Why South African township marketing agency sees opportunity in Zimbabwe

A few years ago, Anisa Kale and her husband decided to start their own business. Having both had careers in advertising, they opted to venture into the field they knew. However, neither wanted to open a mainstream advertising agency in the already competitive market of South Africa.

Anisa Kale

Anisa Kale

“We wanted something niche; something that didn’t require a lot of start-up capital,” explained Kale. After some research the duo spotted an opportunity for a marketing service for brands and companies looking to target lower-end consumers living in townships and informal settlements.

Both had grown up in townships and understood the market, and in 2009 launched Keys Communications.

The agency specialises in using outdoor advertising in townships, such as wall murals, billboards, and taxi branding. Based in Johannesburg, it now operates in all nine provinces and has a number of high-profile clients that include the likes of Nedbank and Coca-Cola.

According to Kale, many big brands are increasingly aiming to target consumers in townships based on the sheer size of this market. However, to successfully communicate with, and tap into, the market requires an understanding of specific township languages and slang, as well as consumer behaviour, mindset and aspirations.

“Nobody wants to stay poor. Everyone is working hard to change their life and lifestyle, or the lives of their kids. So aspiration is important in this market,” noted Kale.

Zimbabwe a pleasant surprise

Keys Communications has extended its services to Botswana, Mozambique and Lesotho and the company also recently launched offices in Zimbabwe.

Kale said the decision to expand to Zimbabwe came as a surprise to some. It began when she and her husband decided to visit the country for a holiday and were warned by several people that things would be “really bad”.

“But when we got there it wasn’t as bad as people said. Yes, things were not as rosy as they are supposed to be, but we are positive and think the Zimbabwean market is going to grow… and once that change happens, it is going to happen fast. I suspect it’s going to be amazing.”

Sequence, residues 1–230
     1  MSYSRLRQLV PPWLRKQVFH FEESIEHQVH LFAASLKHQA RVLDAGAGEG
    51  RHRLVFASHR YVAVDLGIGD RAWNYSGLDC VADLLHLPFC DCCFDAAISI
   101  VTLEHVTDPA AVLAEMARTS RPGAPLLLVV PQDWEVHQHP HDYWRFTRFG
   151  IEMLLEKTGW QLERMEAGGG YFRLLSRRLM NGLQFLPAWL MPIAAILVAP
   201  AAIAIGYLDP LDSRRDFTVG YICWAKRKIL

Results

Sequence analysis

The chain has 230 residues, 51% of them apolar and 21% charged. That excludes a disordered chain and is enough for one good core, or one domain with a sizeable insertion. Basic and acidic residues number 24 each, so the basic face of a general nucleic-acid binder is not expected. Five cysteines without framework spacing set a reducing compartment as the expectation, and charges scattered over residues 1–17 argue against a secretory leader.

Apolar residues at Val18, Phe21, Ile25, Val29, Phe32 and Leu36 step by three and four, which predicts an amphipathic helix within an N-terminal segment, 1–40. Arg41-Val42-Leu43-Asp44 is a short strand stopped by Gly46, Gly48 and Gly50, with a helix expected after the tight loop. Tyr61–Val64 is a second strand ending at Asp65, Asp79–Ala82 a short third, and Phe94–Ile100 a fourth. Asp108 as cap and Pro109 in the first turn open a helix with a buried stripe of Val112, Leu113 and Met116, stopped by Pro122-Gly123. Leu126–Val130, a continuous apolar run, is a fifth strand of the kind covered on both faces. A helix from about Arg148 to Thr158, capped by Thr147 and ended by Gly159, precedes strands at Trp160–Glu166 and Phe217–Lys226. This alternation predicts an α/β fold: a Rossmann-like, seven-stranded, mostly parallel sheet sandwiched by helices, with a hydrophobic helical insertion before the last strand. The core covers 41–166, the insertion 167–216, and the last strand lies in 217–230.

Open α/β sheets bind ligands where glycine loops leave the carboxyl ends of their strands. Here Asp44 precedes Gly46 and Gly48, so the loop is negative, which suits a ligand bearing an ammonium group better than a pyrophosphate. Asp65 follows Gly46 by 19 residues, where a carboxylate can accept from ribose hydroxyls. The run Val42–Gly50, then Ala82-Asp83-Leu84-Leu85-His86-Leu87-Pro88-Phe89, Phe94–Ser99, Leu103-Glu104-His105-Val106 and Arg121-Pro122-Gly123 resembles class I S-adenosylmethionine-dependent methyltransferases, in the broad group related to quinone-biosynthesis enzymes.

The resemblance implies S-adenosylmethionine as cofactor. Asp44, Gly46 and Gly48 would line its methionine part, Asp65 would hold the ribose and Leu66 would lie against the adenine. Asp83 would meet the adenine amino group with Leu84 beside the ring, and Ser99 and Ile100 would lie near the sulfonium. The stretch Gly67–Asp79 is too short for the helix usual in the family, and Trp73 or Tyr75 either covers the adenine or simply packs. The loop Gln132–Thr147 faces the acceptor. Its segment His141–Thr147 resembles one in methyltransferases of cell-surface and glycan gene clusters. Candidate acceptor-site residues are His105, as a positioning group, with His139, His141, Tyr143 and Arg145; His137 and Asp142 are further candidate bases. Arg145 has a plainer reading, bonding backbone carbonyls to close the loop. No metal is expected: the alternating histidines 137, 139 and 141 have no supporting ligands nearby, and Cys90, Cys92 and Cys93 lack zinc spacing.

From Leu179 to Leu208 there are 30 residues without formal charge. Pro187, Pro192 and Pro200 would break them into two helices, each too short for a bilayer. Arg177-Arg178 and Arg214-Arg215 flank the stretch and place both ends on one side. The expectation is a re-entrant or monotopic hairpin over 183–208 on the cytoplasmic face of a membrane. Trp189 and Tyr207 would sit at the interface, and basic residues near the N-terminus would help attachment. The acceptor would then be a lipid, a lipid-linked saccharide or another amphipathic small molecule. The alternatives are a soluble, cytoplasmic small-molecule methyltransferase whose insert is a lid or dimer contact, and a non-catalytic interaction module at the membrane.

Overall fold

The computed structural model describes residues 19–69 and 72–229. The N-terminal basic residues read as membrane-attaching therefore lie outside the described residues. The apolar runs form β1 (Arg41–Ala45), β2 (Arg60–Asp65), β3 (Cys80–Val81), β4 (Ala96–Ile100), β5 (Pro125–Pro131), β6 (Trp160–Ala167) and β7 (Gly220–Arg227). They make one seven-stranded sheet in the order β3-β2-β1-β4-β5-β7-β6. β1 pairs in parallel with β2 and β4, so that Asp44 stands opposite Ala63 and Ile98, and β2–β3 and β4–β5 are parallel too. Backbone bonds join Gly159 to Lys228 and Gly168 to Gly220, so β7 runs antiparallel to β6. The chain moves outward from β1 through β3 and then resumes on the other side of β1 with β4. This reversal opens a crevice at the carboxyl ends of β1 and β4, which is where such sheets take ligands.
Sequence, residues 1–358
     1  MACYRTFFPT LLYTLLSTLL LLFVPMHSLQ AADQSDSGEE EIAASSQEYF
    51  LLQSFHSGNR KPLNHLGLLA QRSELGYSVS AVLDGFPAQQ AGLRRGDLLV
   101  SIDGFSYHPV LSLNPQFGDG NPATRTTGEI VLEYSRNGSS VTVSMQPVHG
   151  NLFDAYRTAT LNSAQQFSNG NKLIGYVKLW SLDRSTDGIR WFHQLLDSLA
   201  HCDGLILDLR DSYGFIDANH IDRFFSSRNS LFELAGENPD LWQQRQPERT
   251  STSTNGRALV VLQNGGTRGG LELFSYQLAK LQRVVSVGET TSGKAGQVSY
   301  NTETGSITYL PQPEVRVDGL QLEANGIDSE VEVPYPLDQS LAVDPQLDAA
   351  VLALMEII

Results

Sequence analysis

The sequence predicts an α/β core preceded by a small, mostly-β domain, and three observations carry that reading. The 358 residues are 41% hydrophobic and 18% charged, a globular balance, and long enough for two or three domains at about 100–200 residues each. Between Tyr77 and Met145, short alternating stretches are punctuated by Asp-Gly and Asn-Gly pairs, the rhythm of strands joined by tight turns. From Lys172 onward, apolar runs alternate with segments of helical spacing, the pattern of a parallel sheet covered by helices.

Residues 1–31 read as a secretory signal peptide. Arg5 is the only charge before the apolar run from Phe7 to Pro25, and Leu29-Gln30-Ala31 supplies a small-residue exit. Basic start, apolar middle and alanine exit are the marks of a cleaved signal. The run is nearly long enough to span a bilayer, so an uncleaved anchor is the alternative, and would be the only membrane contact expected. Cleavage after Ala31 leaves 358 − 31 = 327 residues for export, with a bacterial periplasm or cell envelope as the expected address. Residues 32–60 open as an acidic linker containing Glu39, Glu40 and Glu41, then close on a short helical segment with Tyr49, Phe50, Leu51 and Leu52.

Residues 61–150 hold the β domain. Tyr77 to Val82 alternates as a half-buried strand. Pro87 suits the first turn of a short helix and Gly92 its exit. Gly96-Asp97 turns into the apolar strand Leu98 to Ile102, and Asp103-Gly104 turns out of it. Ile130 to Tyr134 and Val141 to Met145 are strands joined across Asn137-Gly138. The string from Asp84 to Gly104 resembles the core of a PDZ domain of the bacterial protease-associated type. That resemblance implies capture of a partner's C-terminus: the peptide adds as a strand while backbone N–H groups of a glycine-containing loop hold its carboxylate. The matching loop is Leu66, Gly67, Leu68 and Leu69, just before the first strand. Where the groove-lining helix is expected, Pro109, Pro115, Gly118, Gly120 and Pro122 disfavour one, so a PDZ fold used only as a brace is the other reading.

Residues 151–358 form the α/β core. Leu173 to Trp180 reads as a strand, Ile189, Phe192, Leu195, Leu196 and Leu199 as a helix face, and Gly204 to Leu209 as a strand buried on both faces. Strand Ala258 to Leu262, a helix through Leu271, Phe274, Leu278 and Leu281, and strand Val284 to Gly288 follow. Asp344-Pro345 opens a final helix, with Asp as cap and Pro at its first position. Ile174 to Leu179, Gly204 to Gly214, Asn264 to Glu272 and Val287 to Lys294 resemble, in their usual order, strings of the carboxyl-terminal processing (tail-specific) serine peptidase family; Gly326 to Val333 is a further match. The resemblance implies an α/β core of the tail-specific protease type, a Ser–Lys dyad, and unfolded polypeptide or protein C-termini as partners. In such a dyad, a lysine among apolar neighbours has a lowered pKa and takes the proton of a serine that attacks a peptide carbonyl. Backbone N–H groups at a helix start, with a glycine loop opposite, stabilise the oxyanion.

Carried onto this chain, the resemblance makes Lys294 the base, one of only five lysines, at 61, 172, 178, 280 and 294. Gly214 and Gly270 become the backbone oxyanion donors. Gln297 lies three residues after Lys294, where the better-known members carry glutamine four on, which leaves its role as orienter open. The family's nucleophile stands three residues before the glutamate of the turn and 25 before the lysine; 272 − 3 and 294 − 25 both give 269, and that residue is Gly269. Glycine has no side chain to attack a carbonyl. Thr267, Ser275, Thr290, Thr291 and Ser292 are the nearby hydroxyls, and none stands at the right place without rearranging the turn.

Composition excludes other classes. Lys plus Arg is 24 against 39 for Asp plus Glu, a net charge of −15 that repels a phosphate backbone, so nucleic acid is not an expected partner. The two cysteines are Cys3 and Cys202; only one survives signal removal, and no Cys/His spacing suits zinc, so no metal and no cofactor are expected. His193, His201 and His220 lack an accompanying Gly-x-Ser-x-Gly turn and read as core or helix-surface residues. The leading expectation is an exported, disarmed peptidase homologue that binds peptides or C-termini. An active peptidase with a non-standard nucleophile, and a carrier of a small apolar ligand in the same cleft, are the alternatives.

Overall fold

For Kale, one of the positive elements is the general population who are “working hard and making it work”. And her confidence is also based on the number of high-profile brands and companies who have remained in the country, despite political and economic uncertainties.

Furthermore, when compared with South Africa, the Zimbabwean market is less saturated, especially in terms of outdoor advertising. “There is very little competition in what we do… so I think we have a better chance of growing our brand there,” she explained.

Local partner both a requirement and advantage

Kale advises other South African companies considering entering Zimbabwe to not simply rely on what they read or see in the news. They should visit, do their homework, and then go with their gut-feel. Also, finding a solid partner is vital.

“The rules of registering a company in Zimbabwe are different to South Africa. As a South African company, your partner in Zimbabwe needs to have more shares [in the company registered in Zimbabwe] than you, as the foreigner,” she explained.

“We were able to find somebody with our same passion and drive, who also has a marketing background.”

A local partner with on-the-ground experience and know-how has also been an advantage for Keys Communications’s operations in the market. While many aspects surrounding successfully targeting Zimbabwean consumers in townships are similar to South Africa, there are key differences, such as language, that need to be addressed.

Looking further north

Kale describes the company’s expansion into Zimbabwe as a long term investment, and noted she and her husband plan to expand operations in other African countries as well. “We are looking into both Kenya and Nigeria but that will come with time.”

For now they first want “to get the hang of” the southern Africa region, with their eyes also on markets such as Zambia.